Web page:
Nonconsumer Vacation Part 2

I thought I’d share a few more photos of our nonconsumer camping trip. It’s not easy to find a lake this big and this remote in the Sierras. The access to this one involved a nail-biting 20-mile drive that took almost two hours. Luckily my husband is very cool under pressure, because I was practically hyperventilating as the passenger. First of all, it was one lane, so you had to either pull over or back up for oncoming cars. Second, the dropoff was sheer and terrifying. And finally, driving that carefully and that slowly for almost two hours is exhausting! I began to understand why the directions included the promise of “a cold one” waiting for us when we got to the campground. We definitely took them up on it!

This is the kayak we rented and paddled around all day. We pulled up to have lunch on a small island and another time along a beach on the main shore to rest. We only made it a little over halfway across the lake, and we only saw two fishing boats and one other kayak the entire day. That’s what I call remote! No motor boats or jet skis, just the way I like it. I like my wilderness experience served with a dose of quiet.

This was one of the crossings on the raging river, still high from snow melt. One was so high and deep we had to take off our boots and wade in to our thighs. This one we crossed on a log.

Here I am outside our fancy tent cabin, where we sat and read and looked out at our gorgeous view of the lake. It was completely unimpeded by anything except Sequoias. This was taken right before we left to tackle the drive back out. My husband should get a medal for his driving performance.

We didn’t take any pictures of our motel/pool day, so you’ll have to imagine me alternating between reading in the shade and paddling around in the cool water for about six hours. Ahhh.

Our vacation was nonconsumer because almost everything we consumed was an experience (camping, hiking, kayaking, socializing with fellow hikers, looking at the stars, swimming) or consumable (meals and wine). We bought one souvenier each:  a baseball cap. But I don’t feel bad at all about buying a memento of a vacation. I still love the gecko we bought on our road trip two years ago. He’s part of the family now.

What have you been up to this summer? Please share your camping stories and nonconsumer vacation adventures in the Comments section.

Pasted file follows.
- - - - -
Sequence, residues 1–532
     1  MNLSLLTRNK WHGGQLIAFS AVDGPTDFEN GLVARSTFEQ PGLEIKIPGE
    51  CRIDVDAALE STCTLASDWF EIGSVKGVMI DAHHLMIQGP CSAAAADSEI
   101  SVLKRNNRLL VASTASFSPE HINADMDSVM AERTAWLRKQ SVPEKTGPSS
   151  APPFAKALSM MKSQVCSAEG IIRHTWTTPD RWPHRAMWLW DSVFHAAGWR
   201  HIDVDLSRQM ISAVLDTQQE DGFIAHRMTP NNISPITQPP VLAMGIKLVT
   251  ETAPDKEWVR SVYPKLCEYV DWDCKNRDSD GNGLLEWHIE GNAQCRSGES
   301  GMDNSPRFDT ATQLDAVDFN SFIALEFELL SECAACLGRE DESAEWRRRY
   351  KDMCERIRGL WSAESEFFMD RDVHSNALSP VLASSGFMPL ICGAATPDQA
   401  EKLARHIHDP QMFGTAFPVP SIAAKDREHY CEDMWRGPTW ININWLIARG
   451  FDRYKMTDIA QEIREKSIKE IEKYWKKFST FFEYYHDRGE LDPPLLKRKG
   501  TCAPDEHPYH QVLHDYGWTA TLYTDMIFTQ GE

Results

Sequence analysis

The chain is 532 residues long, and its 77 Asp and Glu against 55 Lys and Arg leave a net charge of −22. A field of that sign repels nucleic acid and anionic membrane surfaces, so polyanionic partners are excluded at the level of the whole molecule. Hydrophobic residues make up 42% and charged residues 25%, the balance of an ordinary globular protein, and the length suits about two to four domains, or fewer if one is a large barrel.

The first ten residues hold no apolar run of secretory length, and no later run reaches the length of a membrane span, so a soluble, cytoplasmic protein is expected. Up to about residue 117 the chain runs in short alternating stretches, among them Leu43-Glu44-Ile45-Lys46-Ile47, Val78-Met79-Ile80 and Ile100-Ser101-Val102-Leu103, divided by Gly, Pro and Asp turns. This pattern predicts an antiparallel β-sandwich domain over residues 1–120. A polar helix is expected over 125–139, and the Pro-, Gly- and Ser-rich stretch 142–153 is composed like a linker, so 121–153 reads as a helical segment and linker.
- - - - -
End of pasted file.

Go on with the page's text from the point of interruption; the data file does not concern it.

Comments

  1. Marie-Josée says

    Great pictures Angela. I particularily like the one of you on the rocks by the lake. What beautiful scenery, and gosh I would have been terrified of traversing the river on the log! I too love the quiet of nature, and living in down-town Montreal bothers me noise-wise. My husband isn’t bothered by the occasional siren sound or the distinct “hum” background noise of the city. I was raised in the Canadian North in a home where the only noise came from the television which was not constantly turned on. He was raised in a home where the television was always on – which may explain this fundamental difference in our natures. I am increasingly attracted to vacationing in nature, as opposed to visiting a large city, and I think it is directly related to our move to the heart of the city. Glad you thoroughly enjoyed your non-consumer vacation. Thanks for sharing.

    • Angela says

      Marie-Josee, I agree that how much television was on in your home when you were young can account for fundamental differences in people. I myself have never been able to stand having the TV on in the background, especially in the daytime it actually depresses me. But I have had more than one friend who likes it almost as company, to keep from getting lonely.

      We love vacations in big cities and in nature, sometimes both in one trip, which can be ideal.

      Thanks for commenting!

    • Angela says

      Thanks so much, Cara. I’m so glad you like the blog and enjoyed reading about our vacation. I enjoyed writing about it.

      thanks for commenting.

    • Angela says

      Nancy, I’m afraid that photo makes it look as though we crossed on a very thin log, when in fact it was much wider than that. My husband was steadying himself for the photo on that smaller log.

      Good for you with the valance project! Great job, and thanks for sharing!

  2. Judy says

    Sounds like a great holiday, love the photos! The road sounds terrifying! We were on a bus trip through Denali National Park recently and the road sounds very similar. Luckily for me I was on the side of the bus furthest from the drop, still had that white knuckle feeling though!

    • Angela says

      Judy, that does sound absolutely terrifying. I think I would rather trust my husband and our small vehicle than a random bus driver and a huge bus. I agree it’s very brave. But it must have been gorgeous there.

      thanks for commenting.

  3. says

    OMG 2 hours! I already have a dead fear of driving and cliffs. I would be a freaking basket case after 2 hours of that experience. Congratulations on making it out alive!

  4. Laurie says

    We wanted to celebrate our 20th wedding anniversary by doing something more special than just a dinner out. So we rented a cabin along the New River bike trail in Virginia. We traveled about 2 hours so that we felt we were “getting away”. Our cabin had a beautiful view of the New River and Virginia’s beautiful mountains. The rule was we would only do what we love and wanted to do. So we biked and walked the trail photographing the different wildflowers in bloom. My husband fished the New river in his canoe and was in heaven! I brought a few good books to read from the library. We cooked our favorite dishes. We toured some of the area’s local towns (on foot or bike) and learned about Virginia’ss rail history. Our souvenirs are the photos we took. It was a wonderul anniversary!

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